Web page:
If you want to fill your freezer with wild protein, you need to master the craft of archery first. Being better with your bow is a lifestyle commitment that’ll help you feel comfortable in the moment of truth and extend your effective range. More importantly, honing your archery skills is just plain fun. So don’t wait until the last minute. Dive into the following archery drills and complete your bowhunting master class before opening day.
A shot trainer is like a fidget spinner for archers, but more addicting. A shot trainer is designed to simulate the release process by connecting string to a wooden grip, and repeated use will help you fine-tune your release. Consistency is critical for repeatable shot execution, so look to a shot trainer to kill time when conditions aren’t optimal for shooting outside. The more you use it, the more you’ll familiarize yourself with your hunting release, so it’ll become second nature at the moment of truth. You can also experiment with different trigger sensitivity settings or release aids in a low-pressure environment. Grab a shot trainer for about $30, and it’ll be the most practical investment you’ll make in becoming a better archer.
Dots, bull’s-eyes and target faces can induce target panic, which is the pressure archers feel to create a “now” command that causes them to yank the trigger as soon as the pin approaches the target. The result is inconsistent groups and bad habits. However, you can get ahead of any bad habits by shooting a blank target (large hay bales can work; hence the name). Instead of focusing on your pin’s proximity to the center of the target, think about good form, consistent push/pull pressure between your bow arm and release hand, and breaking a surprise shot. Work this drill into your shot regimen early on to proactively get ahead of any bad habits when you pick up your bow after a few months in the case.
If you’re still struggling with target panic after some blank bale drills, it’s time to switch gears. Expose the face on your target and stare down your proverbial archery fears. Nock an arrow, draw your bow, let your pin float amid the center of the bull’s-eye and hold at full draw. Remain at full draw for a few seconds, and gently let your bow down. Repeat this drill for about a week without releasing an arrow. At its conclusion, holding full draw while your pin floats amid the target’s center will help you face the anxious feeling that encourages you to punch the trigger.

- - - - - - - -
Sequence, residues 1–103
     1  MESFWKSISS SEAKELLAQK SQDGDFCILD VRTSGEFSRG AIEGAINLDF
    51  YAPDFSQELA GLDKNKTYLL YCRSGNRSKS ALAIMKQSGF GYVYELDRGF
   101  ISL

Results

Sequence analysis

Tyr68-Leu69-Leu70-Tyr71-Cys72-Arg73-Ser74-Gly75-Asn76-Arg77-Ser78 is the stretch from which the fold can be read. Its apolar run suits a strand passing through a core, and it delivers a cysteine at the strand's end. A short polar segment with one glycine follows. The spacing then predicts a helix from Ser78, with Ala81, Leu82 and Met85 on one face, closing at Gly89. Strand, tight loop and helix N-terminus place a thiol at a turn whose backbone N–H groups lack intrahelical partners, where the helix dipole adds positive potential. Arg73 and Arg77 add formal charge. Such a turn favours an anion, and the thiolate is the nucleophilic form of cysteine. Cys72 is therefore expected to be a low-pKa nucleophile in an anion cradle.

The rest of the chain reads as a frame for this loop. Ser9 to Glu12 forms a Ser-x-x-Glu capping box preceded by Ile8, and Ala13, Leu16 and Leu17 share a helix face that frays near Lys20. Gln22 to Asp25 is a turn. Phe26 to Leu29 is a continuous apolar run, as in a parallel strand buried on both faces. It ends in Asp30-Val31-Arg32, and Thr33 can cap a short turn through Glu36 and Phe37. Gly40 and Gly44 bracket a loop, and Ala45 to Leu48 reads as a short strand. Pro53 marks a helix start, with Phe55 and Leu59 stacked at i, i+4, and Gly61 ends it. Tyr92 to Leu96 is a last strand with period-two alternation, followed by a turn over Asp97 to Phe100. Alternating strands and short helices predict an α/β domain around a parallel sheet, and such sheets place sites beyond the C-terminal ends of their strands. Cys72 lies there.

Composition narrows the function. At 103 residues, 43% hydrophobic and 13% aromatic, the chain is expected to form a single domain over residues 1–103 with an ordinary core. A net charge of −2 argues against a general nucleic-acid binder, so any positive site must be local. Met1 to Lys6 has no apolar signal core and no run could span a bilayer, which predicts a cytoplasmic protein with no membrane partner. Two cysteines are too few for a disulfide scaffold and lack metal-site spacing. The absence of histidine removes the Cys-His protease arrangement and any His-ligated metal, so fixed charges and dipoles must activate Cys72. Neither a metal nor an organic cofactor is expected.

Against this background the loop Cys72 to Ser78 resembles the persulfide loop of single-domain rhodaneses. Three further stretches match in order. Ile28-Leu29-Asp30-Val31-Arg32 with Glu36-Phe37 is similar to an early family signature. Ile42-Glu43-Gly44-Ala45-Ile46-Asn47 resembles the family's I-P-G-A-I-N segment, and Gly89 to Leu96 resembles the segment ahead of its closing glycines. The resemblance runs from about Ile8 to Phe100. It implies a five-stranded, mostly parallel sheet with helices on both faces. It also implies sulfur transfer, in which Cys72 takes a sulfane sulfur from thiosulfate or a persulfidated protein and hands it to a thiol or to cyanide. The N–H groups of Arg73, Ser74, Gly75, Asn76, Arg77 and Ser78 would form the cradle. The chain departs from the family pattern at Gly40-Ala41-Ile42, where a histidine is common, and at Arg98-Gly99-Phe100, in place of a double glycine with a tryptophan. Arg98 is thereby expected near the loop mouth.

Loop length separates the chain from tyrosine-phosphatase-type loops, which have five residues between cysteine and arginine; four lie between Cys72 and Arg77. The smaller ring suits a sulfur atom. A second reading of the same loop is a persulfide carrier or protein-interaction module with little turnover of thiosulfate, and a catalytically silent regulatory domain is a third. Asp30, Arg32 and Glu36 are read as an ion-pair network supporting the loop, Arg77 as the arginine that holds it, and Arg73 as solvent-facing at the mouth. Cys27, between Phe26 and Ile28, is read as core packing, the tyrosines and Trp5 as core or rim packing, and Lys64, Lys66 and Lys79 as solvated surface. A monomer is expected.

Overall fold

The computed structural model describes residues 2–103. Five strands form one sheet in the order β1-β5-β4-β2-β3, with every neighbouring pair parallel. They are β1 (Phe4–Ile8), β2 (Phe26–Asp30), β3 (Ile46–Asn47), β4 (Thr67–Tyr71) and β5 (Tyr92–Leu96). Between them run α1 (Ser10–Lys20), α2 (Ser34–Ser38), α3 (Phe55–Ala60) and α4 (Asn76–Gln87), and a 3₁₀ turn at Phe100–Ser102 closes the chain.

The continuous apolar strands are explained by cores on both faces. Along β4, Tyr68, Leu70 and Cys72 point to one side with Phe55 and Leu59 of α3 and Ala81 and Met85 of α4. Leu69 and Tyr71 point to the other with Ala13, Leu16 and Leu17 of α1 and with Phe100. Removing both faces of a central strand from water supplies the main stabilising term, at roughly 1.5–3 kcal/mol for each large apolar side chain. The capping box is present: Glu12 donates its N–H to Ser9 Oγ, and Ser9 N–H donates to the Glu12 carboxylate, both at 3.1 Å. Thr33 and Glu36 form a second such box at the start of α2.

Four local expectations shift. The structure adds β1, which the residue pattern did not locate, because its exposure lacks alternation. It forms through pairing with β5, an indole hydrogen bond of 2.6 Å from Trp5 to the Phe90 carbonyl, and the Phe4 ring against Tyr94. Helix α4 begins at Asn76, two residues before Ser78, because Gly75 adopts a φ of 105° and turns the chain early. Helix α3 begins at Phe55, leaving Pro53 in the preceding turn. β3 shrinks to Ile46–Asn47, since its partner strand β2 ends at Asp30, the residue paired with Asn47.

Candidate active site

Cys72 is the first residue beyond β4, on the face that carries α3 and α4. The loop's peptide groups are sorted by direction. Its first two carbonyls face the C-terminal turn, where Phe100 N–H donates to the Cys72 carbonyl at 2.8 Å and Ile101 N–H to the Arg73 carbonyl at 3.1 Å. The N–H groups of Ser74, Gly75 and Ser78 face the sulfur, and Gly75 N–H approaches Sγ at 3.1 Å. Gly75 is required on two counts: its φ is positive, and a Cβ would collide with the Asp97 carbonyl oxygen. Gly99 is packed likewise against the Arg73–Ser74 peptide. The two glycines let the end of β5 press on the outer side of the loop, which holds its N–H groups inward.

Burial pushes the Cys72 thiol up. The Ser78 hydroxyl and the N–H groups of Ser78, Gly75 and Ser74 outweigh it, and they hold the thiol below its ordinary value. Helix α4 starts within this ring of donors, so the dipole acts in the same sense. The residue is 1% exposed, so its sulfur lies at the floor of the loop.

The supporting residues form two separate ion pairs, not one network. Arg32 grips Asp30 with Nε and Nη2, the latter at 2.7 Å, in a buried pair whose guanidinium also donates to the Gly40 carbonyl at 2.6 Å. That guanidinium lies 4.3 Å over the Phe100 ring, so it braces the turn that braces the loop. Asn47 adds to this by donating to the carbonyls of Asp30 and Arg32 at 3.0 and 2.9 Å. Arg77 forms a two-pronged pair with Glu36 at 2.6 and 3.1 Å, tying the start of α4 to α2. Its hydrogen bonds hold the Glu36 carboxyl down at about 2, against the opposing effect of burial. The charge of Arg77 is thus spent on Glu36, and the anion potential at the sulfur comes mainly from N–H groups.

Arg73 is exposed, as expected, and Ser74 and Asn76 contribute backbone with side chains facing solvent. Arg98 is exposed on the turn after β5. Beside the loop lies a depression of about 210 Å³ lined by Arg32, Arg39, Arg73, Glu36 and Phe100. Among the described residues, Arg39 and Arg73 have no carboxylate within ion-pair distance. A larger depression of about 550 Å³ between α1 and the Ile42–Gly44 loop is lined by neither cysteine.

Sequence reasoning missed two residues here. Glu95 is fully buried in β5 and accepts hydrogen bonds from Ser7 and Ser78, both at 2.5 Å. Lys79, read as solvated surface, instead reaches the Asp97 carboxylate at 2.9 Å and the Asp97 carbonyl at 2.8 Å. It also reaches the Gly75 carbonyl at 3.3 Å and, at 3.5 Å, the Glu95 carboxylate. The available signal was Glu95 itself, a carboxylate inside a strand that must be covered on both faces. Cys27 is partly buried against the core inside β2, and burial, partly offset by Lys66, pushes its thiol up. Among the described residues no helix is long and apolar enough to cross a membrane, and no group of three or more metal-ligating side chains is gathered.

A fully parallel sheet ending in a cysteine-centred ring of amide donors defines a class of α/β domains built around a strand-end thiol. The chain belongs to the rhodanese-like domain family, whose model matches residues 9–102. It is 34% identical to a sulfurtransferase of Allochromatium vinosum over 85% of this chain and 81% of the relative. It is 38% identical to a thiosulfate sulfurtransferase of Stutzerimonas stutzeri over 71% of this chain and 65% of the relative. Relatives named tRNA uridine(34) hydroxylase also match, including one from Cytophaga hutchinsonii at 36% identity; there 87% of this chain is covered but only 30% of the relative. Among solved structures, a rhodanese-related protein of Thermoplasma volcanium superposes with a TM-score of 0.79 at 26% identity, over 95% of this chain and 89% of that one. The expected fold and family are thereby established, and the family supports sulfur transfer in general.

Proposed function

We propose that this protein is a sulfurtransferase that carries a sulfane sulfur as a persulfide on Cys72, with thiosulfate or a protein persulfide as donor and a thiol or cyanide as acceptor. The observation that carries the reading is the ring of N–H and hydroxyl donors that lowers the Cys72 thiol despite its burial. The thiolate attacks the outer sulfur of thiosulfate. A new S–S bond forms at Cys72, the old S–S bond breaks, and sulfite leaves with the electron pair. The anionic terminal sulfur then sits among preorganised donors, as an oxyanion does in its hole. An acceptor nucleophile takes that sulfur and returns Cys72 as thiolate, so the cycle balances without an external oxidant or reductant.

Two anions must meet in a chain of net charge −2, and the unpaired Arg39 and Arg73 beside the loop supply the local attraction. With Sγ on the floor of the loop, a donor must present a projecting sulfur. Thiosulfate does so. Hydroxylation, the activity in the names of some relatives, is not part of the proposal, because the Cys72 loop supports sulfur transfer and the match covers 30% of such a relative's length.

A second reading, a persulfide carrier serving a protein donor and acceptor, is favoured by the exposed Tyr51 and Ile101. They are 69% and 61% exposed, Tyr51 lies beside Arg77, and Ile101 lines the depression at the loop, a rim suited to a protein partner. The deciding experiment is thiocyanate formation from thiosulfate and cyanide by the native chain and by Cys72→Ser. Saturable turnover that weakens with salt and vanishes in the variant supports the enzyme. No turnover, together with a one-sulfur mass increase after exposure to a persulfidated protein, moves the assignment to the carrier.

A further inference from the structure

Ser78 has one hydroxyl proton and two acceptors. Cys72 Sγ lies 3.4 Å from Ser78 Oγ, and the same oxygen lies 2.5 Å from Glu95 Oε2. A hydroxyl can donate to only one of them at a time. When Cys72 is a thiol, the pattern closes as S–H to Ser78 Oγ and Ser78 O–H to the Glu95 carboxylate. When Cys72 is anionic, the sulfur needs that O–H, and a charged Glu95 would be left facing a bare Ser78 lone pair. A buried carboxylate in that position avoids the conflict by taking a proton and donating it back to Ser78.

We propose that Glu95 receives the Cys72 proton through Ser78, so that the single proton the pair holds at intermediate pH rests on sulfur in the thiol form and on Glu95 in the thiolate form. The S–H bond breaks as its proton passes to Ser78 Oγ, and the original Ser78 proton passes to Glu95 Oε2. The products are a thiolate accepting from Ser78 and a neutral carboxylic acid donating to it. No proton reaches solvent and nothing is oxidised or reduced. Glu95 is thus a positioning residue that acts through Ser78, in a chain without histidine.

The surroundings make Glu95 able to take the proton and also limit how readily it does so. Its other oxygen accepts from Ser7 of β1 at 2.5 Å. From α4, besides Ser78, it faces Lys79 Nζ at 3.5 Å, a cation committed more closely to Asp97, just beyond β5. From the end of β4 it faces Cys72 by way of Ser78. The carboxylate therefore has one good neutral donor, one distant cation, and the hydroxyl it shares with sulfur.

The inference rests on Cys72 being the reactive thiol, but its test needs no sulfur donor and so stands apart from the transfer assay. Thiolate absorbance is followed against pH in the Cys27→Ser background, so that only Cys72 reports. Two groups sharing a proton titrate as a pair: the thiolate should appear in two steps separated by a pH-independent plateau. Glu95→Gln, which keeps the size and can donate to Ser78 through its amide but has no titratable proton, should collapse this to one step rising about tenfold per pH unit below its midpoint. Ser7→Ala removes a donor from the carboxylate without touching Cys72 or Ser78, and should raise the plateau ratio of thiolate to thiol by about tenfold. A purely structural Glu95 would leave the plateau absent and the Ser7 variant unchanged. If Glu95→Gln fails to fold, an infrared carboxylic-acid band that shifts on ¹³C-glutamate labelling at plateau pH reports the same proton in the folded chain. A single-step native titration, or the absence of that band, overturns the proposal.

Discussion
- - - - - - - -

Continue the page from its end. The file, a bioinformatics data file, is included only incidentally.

If you’ve hunted long enough, you’ve likely been caught at full draw while an animal stopped behind brush or at a poor shot angle. You might’ve even thought to yourself, “If I only could’ve stayed at full draw for a few more seconds, I would’ve had him.” No matter your quarry, building your archery muscles so you can hold your draw for up to a minute or more will help you be more successful. Start by setting a 30-second timer on your phone’s stopwatch and remain at full draw until the timer goes off. Work your way toward a more prolonged duration at full draw in steady increments until you feel comfortable holding your draw weight for more than a minute. As important as it is to be sure your bow is correctly sighted in, it’s equally important to push yourself physically to be effective during crunch time. Someday, this drill will pay off.
A general rule of thumb is to practice at twice your maximum effective distance in the field. If the farthest you’d shoot at a deer is 30 yards, this means you should be regularly practicing out to 60 yards. Extending your practice range also exposes any slight imperfections in your accuracy that would otherwise be difficult to account for at closer distances. You’ll build confidence and make close shots feel like a walk in the park when you practice at long range. Keep this drill in your practice regimen during the season, and you can rest easy knowing you’re ready for anything at the more reasonable distances at which you’ll be hunting.
It’s essential to make sure your broadheads are flying true. Swap field tips for your hunting heads about two months before opening day, and start by shooting a broadhead followed by two field-tipped arrows afterward. Ideally, all three arrows will group tightly together. If they don’t, you might have to revisit your paper tune or broadhead tune to make sure your arrows fly straight out of the bow. Pro tip: Make sure you shoot your broadhead first. If you don’t, you’ll risk slicing vanes or splitting an arrow with the larger cutting diameter of the broadhead.
In the real world, you’re not always going to have time to range your quarry. Mix up your practice session by shooting at unknown distances. You can do this in your backyard range, but for the best results, shoot an entire 3D course without your rangefinder. You’ll improve your ability to judge distances in the field, and that skill will give you peace of mind if your rangefinder battery dies unexpectedly.
Don’t wait until it’s too late to layer up with your insulated clothing and shoot a few arrows. The last place you’d want to find out that your insulated parka interferes with your bowstring is when the buck you’ve waited all season for is standing at top pin distance. Even if it means sweating a bit during the summer heat, add a few layers and make sure you can shoot accurately and comfortably with insulated gear.
Your shooting regimen should be constantly evolving. Stagnant practice doesn’t foster growth, so get out of your comfort zone and try something new. You’ll shoot better and have more fun with archery in the process, making it a win-win situation.